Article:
Provide equality for all who teach

P-Fac, Columbia’s part-time faculty union, settled its tense contract negotiation with the college in fall 2013. The staff union, United Staff of Columbia College, is currently bargaining for its contract, but one group of teachers is falling between the cracks: staff members who teach part-time.

Staff Who Teach, an independent group of Columbia staff members who teach classes, created a petition March 11 asking P-Fac to admit them to the union. The petition, which has gathered 578 signatures as of press time, claims that P-Fac excludes teaching staff because they also have full-time jobs as staff members at the college and they claim the union has dragged its feet about admitting them. Staff Who Teach is justified in its pursuit of representation and P-Fac should accommodate the group’s request.

P-Fac is currently trying to create a system through which it can legally represent staff members who teach, according to P-Fac President Diana Vallera. Full-time staff members whose job descriptions include teaching are currently covered by P-Fac, but that excludes the majority of staff who teach by choice.

P-Fac should equally represent all staff members who teach because its contract impacts class assignments. When the college strikes a bargain with a staff member to teach a class, the administration vets that person’s qualifications similarly to adjunct members. Therefore, staff members should have the same rights as adjuncts because they perform similar duties.

Including staff members who teach in P-Fac would also help bring some much-needed clarity to the way the college assigns classes, an issue the current P-Fac contract thoroughly addresses. Because the college is cutting costs, class offerings are reduced, leading to handwringing over who will teach. Full-time tenured faculty receive first preference when the college is determining who will do this, followed by the full-time staff whose job description includes teaching, according to Louise Love, interim provost and vice president of Academic Affairs. The adjunct tier system falls below that—members who have logged 51 or more hours of teaching receive first preference, followed by those with fewer than 51 hours and, lastly, new hires. As the adjunct professors continue to teach classes, they move up the tier system, but the same is not true for the staff members whose job descriptions do not include teaching. Staff members without a teaching clause in their contracts automatically fall to the bottom tier, regardless of how many hours they have taught in the past, Love said.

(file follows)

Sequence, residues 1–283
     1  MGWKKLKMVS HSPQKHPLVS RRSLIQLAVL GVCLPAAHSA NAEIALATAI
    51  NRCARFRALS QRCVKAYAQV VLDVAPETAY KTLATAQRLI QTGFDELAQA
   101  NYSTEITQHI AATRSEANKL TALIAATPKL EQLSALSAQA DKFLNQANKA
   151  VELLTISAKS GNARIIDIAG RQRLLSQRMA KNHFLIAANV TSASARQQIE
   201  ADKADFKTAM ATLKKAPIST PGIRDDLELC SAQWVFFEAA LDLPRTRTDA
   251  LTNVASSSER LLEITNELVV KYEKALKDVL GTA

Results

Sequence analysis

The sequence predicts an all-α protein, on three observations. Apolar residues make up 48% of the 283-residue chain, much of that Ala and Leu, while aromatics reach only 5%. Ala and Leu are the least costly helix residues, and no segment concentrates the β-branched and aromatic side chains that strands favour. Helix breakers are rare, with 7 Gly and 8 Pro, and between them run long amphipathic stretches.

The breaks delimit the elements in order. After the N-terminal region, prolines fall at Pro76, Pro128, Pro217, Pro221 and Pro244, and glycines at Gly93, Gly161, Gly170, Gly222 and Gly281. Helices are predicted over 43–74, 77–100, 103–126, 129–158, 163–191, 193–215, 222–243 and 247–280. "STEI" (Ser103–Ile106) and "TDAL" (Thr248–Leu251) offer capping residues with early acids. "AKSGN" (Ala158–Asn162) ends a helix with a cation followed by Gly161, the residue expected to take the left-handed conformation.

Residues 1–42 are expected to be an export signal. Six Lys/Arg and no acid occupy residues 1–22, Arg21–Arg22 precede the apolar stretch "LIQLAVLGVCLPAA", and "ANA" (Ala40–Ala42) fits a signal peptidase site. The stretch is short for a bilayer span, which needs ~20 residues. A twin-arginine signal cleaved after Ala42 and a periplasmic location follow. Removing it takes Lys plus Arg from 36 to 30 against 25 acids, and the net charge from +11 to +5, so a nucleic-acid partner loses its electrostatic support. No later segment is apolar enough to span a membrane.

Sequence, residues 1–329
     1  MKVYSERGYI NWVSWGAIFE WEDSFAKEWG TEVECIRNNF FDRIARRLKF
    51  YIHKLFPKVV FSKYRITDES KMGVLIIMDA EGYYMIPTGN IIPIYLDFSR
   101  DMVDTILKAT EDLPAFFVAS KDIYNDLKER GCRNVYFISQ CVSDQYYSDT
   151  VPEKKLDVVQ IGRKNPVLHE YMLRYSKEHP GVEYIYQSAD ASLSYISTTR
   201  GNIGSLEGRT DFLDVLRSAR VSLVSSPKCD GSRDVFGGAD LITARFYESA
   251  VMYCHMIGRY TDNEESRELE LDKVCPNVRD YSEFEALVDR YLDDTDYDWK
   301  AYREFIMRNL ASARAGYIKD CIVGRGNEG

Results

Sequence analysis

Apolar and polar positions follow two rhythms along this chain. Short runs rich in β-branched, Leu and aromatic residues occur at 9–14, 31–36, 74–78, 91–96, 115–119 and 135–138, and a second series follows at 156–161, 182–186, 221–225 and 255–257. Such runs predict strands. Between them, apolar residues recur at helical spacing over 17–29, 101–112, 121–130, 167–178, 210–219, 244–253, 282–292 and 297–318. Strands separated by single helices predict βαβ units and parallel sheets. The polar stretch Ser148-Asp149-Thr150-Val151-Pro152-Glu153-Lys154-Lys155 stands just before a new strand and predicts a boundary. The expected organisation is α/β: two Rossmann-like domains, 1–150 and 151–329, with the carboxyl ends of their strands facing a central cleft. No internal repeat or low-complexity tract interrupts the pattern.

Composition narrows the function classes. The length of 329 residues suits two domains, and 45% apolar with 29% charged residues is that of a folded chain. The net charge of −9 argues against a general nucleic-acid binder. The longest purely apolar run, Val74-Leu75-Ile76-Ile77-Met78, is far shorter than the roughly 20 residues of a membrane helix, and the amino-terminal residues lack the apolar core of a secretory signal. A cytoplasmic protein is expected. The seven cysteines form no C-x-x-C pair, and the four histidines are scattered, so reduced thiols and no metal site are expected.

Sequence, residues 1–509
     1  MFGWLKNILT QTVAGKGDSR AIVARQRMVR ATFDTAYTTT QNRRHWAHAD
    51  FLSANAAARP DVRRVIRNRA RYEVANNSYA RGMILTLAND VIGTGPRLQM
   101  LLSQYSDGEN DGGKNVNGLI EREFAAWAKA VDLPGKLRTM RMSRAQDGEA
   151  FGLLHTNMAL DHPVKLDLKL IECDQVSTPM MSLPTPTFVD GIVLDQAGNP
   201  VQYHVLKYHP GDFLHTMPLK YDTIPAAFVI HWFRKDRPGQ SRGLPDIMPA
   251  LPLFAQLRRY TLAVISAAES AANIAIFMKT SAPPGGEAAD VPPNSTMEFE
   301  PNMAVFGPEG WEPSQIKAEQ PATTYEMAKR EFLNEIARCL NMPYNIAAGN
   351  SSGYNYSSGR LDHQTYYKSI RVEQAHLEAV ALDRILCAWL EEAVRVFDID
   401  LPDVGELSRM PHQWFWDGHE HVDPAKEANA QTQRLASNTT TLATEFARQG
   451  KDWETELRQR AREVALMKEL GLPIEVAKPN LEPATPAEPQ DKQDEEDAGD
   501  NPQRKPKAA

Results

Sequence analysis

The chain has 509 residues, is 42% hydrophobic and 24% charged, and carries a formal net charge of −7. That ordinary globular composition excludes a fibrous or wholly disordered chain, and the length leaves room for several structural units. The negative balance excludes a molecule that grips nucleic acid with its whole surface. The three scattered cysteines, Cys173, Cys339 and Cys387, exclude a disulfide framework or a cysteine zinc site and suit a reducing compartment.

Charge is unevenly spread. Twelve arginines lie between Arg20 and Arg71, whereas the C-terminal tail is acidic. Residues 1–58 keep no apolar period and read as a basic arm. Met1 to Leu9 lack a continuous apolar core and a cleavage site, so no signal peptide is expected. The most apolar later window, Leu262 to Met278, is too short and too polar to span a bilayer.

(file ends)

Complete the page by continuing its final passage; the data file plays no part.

If the staff members were included in P-Fac, they would receive equal representation on the tier system and be ranked according to their experience. For those who have taught a particular class for multiple years, that would only be common sense and provide them bargaining power.

In the case of staff members who teach, their primary jobs are to satisfy their roles as staff members, of course, but they can offer more expertise to Columbia’s various departments and students. Allowing staff members to use their skills to benefit students in all the departments should not be a struggle for administrators or P-Fac.

P-Fac needs to give the teaching staff members equal representation because the college is determining class allocations for the fall semester. If the college continues to shuffle professors around, classes could be canceled at the last minute and students could suffer. It is unfair for staff members with years of experience in their fields to lose teaching opportunities because the seniority system does not accommodate them. For the benefit of all students, faculty and staff, Columbia should be a community, not bargaining territory.